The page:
Bottom Line: The cED was significantly higher in the advanced (median, 67.0; IQR, 49.1-102.3) than in the early gastric cancer group (median, 52.3; IQR, 41.5-67.9) (p < 0.001), and increased as the TNM stage increased.The cED increases proportionally along with tumor stage and, even in early gastric cancer or stage I patients, cED is much higher than that found among the general population.Considering the very good prognosis of early gastric cancer after curative surgery, the cED should be considered when designing a postoperative follow-up CT protocol.

View Article: PubMed Central - PubMed

Affiliation: Department of Radiology, Yonsei University College of Medicine, Seoul, Korea.

ABSTRACT

Objective: To quantify the cumulative effective dose (cED) of radiation due to repeated CT and PET/CT examinations after curative resection of gastric cancer and to assess the lifetime attributable risk (LAR) estimates based on Biological Effects of Ionizing Radiation VII models.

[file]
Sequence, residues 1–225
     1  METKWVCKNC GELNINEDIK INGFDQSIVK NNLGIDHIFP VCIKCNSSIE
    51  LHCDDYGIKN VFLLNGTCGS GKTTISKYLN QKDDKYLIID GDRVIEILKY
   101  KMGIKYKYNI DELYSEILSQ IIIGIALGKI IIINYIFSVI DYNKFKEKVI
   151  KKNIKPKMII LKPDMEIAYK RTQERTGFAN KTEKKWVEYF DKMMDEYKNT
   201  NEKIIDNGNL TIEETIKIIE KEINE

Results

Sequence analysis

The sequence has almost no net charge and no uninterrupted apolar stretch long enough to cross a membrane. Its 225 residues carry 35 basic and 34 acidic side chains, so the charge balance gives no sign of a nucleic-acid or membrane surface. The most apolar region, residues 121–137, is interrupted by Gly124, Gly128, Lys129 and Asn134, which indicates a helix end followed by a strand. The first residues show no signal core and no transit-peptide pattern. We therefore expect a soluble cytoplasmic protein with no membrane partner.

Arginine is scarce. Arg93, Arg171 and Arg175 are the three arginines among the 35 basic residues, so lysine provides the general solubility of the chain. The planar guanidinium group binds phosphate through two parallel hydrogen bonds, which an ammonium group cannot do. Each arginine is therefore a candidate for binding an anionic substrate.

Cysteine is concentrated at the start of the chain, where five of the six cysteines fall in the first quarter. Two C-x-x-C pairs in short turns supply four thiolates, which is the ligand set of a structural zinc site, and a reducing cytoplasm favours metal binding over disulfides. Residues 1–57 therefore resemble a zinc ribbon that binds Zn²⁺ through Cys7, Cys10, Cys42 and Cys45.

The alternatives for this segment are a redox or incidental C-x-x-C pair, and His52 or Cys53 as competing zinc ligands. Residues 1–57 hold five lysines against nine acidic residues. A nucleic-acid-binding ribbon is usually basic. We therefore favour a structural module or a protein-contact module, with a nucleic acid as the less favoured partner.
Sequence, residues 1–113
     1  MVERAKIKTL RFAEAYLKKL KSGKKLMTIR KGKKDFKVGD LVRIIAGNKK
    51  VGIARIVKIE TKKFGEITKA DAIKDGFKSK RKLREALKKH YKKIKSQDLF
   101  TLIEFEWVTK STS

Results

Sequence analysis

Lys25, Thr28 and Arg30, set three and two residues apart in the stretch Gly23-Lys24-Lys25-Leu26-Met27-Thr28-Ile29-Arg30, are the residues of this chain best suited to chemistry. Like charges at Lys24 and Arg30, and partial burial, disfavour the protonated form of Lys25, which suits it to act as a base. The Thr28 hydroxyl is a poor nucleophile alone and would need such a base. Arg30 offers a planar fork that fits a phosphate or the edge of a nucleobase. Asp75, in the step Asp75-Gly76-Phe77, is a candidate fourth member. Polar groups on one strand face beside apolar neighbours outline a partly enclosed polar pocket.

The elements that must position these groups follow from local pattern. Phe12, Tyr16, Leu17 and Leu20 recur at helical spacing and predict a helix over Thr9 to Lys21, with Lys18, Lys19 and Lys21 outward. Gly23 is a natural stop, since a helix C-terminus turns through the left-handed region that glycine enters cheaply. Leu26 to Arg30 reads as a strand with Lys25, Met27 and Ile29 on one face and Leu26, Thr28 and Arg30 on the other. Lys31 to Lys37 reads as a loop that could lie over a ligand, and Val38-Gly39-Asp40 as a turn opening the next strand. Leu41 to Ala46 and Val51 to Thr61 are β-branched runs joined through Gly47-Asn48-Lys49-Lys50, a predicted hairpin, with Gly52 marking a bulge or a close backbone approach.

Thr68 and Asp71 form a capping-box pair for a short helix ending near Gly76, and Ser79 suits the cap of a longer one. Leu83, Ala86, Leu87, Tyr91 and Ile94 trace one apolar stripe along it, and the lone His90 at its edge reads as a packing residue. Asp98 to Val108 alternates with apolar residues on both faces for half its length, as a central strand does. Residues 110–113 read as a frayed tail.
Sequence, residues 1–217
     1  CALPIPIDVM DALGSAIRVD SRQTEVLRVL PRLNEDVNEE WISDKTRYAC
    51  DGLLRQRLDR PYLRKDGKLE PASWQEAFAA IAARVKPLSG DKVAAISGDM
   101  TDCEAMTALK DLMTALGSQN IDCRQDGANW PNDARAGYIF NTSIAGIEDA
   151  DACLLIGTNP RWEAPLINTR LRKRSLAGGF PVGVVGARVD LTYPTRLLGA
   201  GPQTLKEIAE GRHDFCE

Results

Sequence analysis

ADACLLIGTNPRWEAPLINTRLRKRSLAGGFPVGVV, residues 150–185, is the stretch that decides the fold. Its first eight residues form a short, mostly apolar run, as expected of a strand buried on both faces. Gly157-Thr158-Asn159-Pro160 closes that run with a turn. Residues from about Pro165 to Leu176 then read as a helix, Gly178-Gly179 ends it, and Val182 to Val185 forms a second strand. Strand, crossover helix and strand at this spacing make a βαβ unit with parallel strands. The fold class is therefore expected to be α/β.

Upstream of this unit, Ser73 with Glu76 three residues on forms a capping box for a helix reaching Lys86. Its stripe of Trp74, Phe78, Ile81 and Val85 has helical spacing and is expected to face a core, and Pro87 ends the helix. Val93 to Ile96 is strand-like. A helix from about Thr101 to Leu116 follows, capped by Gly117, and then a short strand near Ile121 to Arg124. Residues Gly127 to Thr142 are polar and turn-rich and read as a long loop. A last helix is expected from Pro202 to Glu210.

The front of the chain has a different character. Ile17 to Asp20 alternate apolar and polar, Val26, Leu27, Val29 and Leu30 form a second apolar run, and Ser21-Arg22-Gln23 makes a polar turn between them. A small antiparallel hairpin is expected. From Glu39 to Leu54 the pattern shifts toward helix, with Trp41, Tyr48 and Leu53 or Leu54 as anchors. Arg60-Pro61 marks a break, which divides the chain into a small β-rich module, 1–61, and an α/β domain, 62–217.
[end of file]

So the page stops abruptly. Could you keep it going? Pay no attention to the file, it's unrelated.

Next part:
Subjects and methods: Patients who underwent a curative resection for gastric cancer between January 2006 and December 2006 and were followed-up until May 2010 were included in this study. The cED was calculated by using the dose-length product values and conversion factors for quantitative risk assessment of radiation exposure. cED and LAR were compared between early and advanced gastric cancer patients and among American Joint Committee on Cancer TNM stage groups (stage I, II, and III). The nonparametric Mann-Whitney U and Kruskal-Wallis tests, followed by a post-hoc analysis with Bonferroni adjustment, were employed as part of the statistical analysis.